It’s been almost a decade since the first season of Young Justice aired on Cartoon Network. After two seasons and a considerable time jump, viewers were left hanging when the show was cancelled due to low merchandise sales. But the show picked up a pretty dedicated fanbase in the interim and, as we’ve seen happening lately with shows cancelled before their time, was given another shot. It’s now available on DC’s digital media service, DC Universe, and we’ve had a chance to check out the first six episodes (the episodes are being released in batches of three every week) and answer a few burning questions of our own. Minor spoilers follow.
For starters, does it still feel like Young Justice?
Yes. This isn’t an Arrested Development-oh-no-what-happened situation. The show still feels very authentic to the first few seasons and most of the original cast and creators are back. The main difference is actually something of an upgrade: since it isn’t bound by network standards, the show feels more mature. Not in a dark-to-be-edgy “F*** BATMAN!” sort of way. We see character deaths and people with literal blood on their hands, which helps raise the stakes and strengthens the darker tone this show has always had.
On the tone note, the show takes a surprisingly mature and political angle this season. Set two years after the events of season 2, Outsiders focuses on a humanitarian crisis. Children with the metahuman gene are being kidnapped for experimentation and sent to other worlds. This trafficking results in a tragedy when the Justice League kills a hostile threat off-world that turns out to be a child from Earth who was turned into a soldier. This incident sparks internal and political divisions in the Justice League that set the table for the season.
Can I jump right back in?
Um, I’d say it depends. If you haven’t seen seasons 1 or 2, I think you could jump into this – knowing you’re missing a few beats – and still easily understand the focus of this season, who the key characters are, etc. If you’ve watched the show but it’s been a really long time? You might want to refresh your memory. One of the best things about Young Justice: Outsiders is how little exposition we get. I’m a fan of shows that don’t hold your hand over every little detail. But, the flip side to that is that I really wished season 2 was fresh in my mind before I’d watched these. The cast is large, and on top of that there are clones of characters and new personas for characters, so it’s a lot to keep track of. It’s clear there have been some off-screen developments for the characters in the last 2 years, but I was constantly wondering if I’d forgotten something had happened or if it happened off-screen. Basically, if you’re really rusty on the plot, you might want to rewatch a little bit of season 2 or refresh your memory with a synopsis.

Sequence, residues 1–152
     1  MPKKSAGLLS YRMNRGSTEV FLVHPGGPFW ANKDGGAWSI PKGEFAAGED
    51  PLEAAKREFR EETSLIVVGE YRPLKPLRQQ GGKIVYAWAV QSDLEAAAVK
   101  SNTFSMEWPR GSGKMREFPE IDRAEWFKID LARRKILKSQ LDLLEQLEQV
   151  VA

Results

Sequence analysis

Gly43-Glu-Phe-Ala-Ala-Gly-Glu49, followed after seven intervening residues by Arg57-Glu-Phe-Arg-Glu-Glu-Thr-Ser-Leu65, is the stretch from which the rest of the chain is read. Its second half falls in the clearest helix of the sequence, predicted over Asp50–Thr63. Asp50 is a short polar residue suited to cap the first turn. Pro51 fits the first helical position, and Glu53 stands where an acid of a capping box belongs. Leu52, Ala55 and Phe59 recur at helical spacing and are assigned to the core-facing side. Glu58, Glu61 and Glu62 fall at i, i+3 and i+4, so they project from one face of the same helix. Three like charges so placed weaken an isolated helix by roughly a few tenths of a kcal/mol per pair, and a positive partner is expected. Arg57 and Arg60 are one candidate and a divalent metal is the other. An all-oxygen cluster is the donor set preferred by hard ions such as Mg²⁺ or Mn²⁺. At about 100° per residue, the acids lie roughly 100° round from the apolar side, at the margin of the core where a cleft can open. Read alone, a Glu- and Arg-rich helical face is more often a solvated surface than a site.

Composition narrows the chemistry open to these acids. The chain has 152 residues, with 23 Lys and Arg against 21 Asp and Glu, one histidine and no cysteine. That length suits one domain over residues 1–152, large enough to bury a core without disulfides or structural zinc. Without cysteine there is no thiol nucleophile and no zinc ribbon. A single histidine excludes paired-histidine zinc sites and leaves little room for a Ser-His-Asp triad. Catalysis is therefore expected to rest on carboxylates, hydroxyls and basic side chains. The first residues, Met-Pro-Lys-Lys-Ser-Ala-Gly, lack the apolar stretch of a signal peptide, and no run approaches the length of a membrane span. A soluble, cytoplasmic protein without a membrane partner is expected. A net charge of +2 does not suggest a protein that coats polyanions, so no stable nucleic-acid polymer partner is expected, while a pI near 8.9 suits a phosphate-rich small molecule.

Are we following the same characters?
The cast of this show got pretty huge in season 2. It’s fair to say that there was no way everyone was going to get a lot of facetime in the first six episodes of this season, which mainly focuses on Black Lightning, Nightwing, Superboy, Tigress (formerly Artemis), and Miss Martian. We also get three notable additions: Prince Brion Markov, Halo, and Forager.
Is it worth the cost?
One downside to this show is that it’s not available unless you have DC Universe. If you’re only looking at the subscription for this show, and don’t think you’ll get anything out of the other offerings, your best bet is the monthly $7.99 option. All 13 episodes of the first half of season 3 will be released in January, so you can get them all in for just a month’s subscription. If you average each episode on the low end at only 20 minutes, that’s $8 for around 4 hours of the show. When I think about the cost/value of a show as a standalone piece of entertainment, that seems well worth the cost of admission to me. But it’s not the kind of thing that would compel me to join the 1-year plan if I was only interested in the new streaming content until there is more there. If you’re hooked from there, the second half of the show releases in June.
Any other last thoughts?
Maybe it’s just because I follow superhero movies too closely, but I couldn’t help but think of the MCU’s handling of the Avengers when I watched the first few episodes of Outsiders (Avengers/Justice League having political interference and divisions, children being trafficked with meta genes in Markovia/Sokovia). I think that’s decent praise given how many movies the Avengers had to flesh out their assembly and eventual dissolution. Also, there’s a pretty decent theory out there that the episode titles spell out an important message: “PREPARE THE ANTI-LIFE EQUATION.” That does seem like… well, more than a coincidence.
Entertainment writer and editor for The Beat.
Additional interests include food, travel, food, and travel.